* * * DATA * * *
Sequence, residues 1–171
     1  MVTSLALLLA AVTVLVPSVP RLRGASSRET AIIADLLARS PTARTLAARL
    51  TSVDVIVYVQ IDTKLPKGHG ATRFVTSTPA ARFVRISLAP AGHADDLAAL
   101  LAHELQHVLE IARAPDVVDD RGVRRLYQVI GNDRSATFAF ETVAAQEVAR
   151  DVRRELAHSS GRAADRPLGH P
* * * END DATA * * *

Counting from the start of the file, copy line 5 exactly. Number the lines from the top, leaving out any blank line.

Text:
   151  DVRRELAHSS GRAADRPLGH P